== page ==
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The Government Should Make Use of Revenue Sharing
Federal grants have become more common over the last 60 years, due to the
expansion and retraction of the size of the federal government. The federal
government began expanding in the 1930s to deal with the Depression. It used
federal agencies to directly deal with problems. As time went on, the tasks
were turned over to the states, but the federal government still remained
involved through the use of federal grants to states and localities. In the
1970s, Nixon's New Federalism put a heavy emphasis on federal grants. Revenue
sharing gave federal dollars to localities and states that had never received
very much or any federal money before. This increased local interest in
receiving federal money in many localities.
In order to deal with the federal bureaucracy and receive federal money,
localities and states have to develop efficient and effective bureaucracies of
their own. These state and local bureaucracies must understand the federal
rules and requirements for receiving federal aid. Some states routinely
receive a greater amount of federal money than other states with similar
populations due to the differences in state bureaucracies. The state which has
an effective grant-writing bureaucracy and maintains relations with federal
bureaucrats and leaders is often able to get more money.
Federal bureaucracies are often very regionalized. They are staffed by people
from a certain region, and they primarily deal with people from that region.
They give more federal assistance to these regions too. The overall trend in
federal spending in a state may be different from a particular agency's
pattern of spending. Some states may get very little overall federal funding,
but may get much more than the average amount of money from a certain federal
American state-level politics can be divided up into 3 categories: traditional,
moralistic, and individualistic. Traditional areas are heavily elitist, and
social elites are the primary leaders of society. They have less reliance on
government programs, government spending, and government in general. They are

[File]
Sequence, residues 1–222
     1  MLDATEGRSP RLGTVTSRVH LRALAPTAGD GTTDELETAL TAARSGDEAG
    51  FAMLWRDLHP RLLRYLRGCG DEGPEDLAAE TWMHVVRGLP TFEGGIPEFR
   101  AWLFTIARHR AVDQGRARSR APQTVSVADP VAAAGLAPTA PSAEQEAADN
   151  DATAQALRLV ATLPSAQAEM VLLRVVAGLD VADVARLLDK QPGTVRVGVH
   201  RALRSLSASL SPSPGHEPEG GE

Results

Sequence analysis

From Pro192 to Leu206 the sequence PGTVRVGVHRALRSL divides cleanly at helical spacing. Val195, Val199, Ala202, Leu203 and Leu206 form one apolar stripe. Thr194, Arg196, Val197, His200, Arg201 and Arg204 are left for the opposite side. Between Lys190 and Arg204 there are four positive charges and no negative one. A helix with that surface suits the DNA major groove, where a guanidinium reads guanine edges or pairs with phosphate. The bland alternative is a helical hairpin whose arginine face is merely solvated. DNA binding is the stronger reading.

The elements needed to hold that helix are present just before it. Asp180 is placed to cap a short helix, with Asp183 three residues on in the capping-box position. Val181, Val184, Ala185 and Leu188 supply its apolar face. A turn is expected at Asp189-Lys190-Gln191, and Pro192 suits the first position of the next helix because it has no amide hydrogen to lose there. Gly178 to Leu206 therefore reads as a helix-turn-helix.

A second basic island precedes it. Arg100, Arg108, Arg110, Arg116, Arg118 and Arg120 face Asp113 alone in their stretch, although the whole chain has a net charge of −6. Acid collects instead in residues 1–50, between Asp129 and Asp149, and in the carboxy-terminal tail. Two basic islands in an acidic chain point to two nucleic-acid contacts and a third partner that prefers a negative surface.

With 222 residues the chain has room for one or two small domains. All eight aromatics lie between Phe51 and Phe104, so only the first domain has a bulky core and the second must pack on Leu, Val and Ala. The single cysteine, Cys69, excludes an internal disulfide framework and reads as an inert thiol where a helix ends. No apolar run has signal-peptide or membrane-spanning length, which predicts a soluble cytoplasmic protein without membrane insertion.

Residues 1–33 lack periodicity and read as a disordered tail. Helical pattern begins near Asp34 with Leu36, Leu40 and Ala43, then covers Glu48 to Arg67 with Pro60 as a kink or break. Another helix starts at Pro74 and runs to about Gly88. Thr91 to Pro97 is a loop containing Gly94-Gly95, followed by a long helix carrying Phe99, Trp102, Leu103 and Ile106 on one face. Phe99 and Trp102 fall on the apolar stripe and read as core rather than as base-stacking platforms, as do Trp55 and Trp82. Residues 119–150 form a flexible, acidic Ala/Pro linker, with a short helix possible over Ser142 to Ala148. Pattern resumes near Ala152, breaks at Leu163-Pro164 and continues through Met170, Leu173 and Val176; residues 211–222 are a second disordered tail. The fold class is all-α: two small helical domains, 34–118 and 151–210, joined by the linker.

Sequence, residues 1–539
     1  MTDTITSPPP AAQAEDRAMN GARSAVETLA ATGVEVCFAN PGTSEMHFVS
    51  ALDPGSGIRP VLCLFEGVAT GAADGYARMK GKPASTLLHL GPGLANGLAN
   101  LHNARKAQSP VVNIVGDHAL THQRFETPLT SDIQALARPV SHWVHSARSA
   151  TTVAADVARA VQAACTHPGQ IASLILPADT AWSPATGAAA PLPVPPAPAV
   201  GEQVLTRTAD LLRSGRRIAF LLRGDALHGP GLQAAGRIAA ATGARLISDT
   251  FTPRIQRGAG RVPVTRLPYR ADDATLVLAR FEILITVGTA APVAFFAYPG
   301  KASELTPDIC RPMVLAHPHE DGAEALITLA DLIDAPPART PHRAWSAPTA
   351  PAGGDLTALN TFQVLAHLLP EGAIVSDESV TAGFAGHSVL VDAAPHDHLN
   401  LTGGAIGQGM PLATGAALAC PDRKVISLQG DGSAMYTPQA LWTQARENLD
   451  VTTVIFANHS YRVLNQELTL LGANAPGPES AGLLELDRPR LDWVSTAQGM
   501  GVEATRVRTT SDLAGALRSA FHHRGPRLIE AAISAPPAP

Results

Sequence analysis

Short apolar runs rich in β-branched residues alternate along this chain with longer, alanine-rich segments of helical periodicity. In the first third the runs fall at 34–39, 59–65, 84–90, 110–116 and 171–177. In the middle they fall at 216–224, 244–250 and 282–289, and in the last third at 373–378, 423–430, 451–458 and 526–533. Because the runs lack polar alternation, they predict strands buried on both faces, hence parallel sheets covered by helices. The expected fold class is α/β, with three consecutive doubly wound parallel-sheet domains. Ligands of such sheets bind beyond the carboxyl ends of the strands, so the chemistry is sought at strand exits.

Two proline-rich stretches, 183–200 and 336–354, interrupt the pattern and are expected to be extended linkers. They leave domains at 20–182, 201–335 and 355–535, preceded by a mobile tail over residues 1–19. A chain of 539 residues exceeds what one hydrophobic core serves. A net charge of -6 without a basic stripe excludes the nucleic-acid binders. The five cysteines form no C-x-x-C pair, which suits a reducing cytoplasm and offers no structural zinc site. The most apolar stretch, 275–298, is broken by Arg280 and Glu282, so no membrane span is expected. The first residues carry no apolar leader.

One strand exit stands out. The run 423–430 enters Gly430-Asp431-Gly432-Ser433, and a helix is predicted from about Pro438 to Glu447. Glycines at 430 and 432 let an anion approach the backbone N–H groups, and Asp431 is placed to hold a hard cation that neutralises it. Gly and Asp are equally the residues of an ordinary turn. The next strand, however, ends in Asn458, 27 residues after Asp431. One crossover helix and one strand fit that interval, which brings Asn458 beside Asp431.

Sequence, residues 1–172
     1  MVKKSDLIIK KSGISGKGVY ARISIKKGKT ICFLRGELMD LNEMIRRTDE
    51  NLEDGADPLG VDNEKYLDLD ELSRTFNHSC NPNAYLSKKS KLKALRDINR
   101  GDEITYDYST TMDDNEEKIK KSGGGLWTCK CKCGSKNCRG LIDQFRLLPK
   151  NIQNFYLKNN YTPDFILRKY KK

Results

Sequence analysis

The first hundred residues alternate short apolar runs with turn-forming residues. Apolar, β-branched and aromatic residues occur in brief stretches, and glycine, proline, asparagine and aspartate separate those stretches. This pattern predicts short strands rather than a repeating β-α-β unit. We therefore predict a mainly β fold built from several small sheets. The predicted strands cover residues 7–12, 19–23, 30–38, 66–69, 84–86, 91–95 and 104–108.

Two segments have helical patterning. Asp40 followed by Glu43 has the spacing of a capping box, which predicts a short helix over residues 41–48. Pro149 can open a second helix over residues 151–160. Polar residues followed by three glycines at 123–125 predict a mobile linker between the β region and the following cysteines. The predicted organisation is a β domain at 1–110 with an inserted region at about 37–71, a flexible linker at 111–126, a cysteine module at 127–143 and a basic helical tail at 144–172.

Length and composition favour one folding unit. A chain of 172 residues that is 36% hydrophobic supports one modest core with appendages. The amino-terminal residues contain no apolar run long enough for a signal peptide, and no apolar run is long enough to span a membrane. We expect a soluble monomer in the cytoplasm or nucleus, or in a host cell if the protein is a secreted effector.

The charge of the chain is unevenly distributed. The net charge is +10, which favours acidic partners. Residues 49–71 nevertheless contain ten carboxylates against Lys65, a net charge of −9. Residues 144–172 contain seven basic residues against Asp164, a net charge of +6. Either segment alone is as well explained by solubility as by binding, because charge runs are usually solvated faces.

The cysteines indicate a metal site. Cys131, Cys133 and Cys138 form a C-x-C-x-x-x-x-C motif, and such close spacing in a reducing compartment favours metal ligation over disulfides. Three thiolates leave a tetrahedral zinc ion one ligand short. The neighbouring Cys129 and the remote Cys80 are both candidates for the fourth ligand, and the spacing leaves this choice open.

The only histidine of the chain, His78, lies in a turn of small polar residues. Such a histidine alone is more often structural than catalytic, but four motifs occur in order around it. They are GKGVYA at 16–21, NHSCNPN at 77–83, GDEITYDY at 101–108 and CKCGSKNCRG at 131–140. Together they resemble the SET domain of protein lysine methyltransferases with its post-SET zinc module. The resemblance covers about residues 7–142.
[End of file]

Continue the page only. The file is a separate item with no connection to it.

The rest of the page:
not as democratic as in other areas of the country. Moralistic cultures put a
heavy focus on government taking an active role in society. There is more
emphasis on democratic methods in government, government funding, government
programs, and the provision of services. The individualist culture sees
government as only being important when it can help the individual succeed. It
should never hamper the individual from attaining personnel success. The South
is considered more traditionalist. The midatlantic states and other areas
which have descendants of the original settlers of the midatlantic states are
considered individualistic. The northern states are moralistic. All of these
political cultures influences the state governments in their areas. The states
with the moralistic culture are more likely to have a responsive bureaucracy
that knows how to get federal grant money and services, while the others are
less likely to have this ability. Although general trends can be established,
they are not without irregularities. Some states do not follow the trends of
their region, and may contradict it. For example, Louisiana provides a
relatively high amount of unemployment benefits to its residents, while other
southern states do not. A state may have a very responsive agriculture
department which can obtain federal dollars and assist farmers, but have few
other agencies in state government which do the same in other fields.
The national government should make more use of revenue sharing than it does now.
Revenue sharing will prevent many of the disparities found in federal funding.
States with small populations now receive more federal money per capita than
states with large populations, possibly due to their having higher
representation in the Senate. The elimination of this disparity in funding is
needed in order to ensure adequate funding of all states.
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Federal assistance in the United States, Federal grants in the United States, Public finance, Federal Reserve System, Federal government of the United States, Bureaucracy, Revenue sharing, federal bureaucracies, state bureaucracies, federal bureaucrats, new federalism, federal bureaucracy, federal money, federal grants, traditional areas, federal assistance, federal spending, federal dollars, retraction, localities, amount of money, elites, 1930s, nixon, federal government, populations, 1970s
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